When Emery Popoloski's husband, Charles, returned to their Boston home following two military deployments to Iraq, she noticed that he would stop breathing for long periods during his sleep. Then other symptoms began to emerge. She thought they were normal for someone just returning from combat, but she learned that they were related to his post-traumatic stress and traumatic brain injury. Emery quickly found herself thrust into the role of military caregiver. As Charles began to receive treatment for his seizures and other ailments, Emery had to put off her graduate-level education and rethink her professional goals. Plus she had to reorganize her family's schedule and structure so she could support her husband's recovery while also caring for her two young children.
As she struggled to remain positive, Emery turned to the Elizabeth Dole Foundation, where she works. There she found the support and guidance she needed to care for her husband and keep herself and her family together. While she admits there are still days when she struggles and feels as though she is not doing enough, she finds comfort in knowing that she is not alone in her journey. Through the foundation she can not only reach out to others, she can also support them in return.
Unpaid family members in the United States provide more than $470 billion worth of at-home care every year. Among these caregivers are the families of America's wounded warriors. Thanks to advances in battlefield medicine, thousands of our troops who would have perished in past wars are now surviving. However, many have devastating wounds, illnesses and injuries, both visible and invisible, requiring care long after they have left the military health care system. Who are their caregivers?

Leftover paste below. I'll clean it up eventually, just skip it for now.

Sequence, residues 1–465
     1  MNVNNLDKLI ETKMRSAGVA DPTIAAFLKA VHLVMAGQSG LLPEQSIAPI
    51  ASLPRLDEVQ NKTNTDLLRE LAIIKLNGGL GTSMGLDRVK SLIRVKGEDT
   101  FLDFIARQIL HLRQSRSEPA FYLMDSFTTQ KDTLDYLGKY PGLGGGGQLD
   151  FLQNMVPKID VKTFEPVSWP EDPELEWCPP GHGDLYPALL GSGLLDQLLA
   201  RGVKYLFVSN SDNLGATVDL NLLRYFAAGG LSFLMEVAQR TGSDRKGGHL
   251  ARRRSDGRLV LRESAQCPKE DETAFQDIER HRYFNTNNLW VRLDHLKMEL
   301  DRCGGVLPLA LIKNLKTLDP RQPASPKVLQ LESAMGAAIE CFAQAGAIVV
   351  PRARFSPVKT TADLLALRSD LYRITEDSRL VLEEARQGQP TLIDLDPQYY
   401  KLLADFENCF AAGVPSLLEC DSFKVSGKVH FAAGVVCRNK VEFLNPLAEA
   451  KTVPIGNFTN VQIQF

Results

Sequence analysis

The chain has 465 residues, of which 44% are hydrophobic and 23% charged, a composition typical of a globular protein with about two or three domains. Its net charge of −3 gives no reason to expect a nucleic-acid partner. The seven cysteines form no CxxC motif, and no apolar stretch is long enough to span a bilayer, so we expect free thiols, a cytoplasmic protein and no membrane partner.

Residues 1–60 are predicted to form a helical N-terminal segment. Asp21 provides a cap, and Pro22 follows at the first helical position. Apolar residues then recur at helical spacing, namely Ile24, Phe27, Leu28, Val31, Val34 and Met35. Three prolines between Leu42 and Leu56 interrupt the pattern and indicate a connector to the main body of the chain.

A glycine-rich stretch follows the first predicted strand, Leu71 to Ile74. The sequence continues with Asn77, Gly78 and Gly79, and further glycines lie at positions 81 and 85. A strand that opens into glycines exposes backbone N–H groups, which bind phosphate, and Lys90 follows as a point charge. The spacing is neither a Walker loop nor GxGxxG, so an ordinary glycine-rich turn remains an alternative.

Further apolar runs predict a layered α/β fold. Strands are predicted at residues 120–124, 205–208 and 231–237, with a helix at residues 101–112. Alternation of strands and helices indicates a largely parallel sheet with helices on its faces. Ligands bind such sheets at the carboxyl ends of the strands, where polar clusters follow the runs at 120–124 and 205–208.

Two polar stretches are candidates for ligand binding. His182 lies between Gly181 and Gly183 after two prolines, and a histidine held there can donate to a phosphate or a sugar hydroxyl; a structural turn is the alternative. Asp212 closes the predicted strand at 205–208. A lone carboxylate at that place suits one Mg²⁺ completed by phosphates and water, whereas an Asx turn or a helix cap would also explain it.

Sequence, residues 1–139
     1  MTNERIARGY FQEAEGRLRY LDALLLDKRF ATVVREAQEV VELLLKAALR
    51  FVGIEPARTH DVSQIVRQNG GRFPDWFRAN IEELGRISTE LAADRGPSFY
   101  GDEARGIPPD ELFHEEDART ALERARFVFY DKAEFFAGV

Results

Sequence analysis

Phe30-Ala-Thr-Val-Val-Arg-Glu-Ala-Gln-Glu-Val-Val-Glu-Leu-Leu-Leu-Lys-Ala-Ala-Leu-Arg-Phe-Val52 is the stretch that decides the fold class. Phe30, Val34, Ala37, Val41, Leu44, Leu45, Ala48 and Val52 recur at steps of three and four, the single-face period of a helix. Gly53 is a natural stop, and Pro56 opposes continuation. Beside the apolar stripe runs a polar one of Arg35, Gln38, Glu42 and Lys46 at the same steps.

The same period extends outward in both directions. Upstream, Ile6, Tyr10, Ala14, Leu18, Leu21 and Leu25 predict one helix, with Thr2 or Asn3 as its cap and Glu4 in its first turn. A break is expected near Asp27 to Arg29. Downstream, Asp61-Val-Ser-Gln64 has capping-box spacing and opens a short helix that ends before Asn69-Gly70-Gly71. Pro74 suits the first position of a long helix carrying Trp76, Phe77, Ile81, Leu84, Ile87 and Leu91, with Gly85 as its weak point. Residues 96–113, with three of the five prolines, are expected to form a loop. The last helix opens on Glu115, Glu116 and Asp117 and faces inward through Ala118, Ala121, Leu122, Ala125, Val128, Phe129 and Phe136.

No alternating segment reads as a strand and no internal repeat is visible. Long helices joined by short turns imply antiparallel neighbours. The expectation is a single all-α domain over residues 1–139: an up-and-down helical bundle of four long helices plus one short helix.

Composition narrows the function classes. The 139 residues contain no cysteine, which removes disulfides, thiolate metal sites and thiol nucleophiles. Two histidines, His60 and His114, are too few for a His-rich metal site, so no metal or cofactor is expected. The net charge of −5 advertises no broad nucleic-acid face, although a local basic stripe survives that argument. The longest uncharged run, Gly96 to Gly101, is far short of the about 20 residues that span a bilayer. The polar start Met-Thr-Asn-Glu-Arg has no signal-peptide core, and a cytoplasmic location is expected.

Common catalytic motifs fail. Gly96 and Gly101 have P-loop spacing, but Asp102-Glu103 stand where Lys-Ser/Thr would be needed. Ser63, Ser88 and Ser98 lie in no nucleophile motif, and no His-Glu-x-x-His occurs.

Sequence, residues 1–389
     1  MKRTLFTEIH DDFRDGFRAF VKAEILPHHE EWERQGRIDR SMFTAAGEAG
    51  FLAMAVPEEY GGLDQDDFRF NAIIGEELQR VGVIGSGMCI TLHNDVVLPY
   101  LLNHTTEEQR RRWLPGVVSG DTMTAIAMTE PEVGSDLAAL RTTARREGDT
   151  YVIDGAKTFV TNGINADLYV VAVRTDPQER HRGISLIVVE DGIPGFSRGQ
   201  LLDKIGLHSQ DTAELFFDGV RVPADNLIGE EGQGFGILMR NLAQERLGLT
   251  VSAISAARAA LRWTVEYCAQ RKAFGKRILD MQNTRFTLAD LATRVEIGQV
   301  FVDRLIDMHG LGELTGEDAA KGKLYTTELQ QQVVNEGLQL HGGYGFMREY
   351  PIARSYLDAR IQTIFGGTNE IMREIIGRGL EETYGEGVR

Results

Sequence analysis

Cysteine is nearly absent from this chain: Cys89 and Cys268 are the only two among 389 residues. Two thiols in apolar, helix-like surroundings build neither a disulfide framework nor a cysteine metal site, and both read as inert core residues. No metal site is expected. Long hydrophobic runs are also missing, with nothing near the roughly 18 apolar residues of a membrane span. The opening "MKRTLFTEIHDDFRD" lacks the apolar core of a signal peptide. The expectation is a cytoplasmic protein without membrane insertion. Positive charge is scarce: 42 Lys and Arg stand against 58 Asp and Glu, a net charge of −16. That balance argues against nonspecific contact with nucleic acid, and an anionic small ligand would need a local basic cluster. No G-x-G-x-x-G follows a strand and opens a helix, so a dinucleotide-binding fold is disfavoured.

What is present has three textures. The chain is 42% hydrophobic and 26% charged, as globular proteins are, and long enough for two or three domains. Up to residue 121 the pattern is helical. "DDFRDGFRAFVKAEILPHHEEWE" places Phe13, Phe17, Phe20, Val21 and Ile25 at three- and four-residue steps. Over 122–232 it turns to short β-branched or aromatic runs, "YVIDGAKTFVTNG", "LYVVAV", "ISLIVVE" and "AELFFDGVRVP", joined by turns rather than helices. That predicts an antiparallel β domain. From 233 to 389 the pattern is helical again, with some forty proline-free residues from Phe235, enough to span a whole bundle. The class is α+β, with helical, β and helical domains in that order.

They are people like Emery, who is one of an estimated 5.5 million military caregivers across the United States. They are spouses, parents, siblings and other loved ones performing a stunning array of functions at home, often day and night, for sons and daughters, husbands and wives who were injured during their service.
These caregivers are administering medications, navigating complex health care systems, providing emotional support, arranging rehabilitation, handling the family's legal and financial matters, and acting as advocates on behalf of those for whom they are caring. Often they are the only available, knowledgeable or trusted persons to provide such care. And many, like Emery, are also raising children and providing an income for the family.
Military and veteran caregivers are an unpaid workforce saving our nation billions of dollars a year in health care costs and potential institutionalization. In some cases, the time demands of caregiving may result in lost jobs, lost wages and possible loss of health insurance. Though caregiver needs are many, no national strategy for supporting them exists. As they put the well-being of their loved ones before their own, the physical and emotional toll on caregivers can be devastating.
This month we salute our veterans and pay special tribute to family caregivers by proclaiming November as National Family Caregivers Month. I am particularly thankful for the staff at the veterans hospital in Biloxi, Miss., that took care of my father so ably. But let's also honor the contributions and sacrifices of our military caregivers, those hidden heroes who help our injured and disabled veterans live longer and better lives.
See our veterans resources at aarp.org/veterans.
Jo Ann Jenkins is the chief executive officer of AARP.
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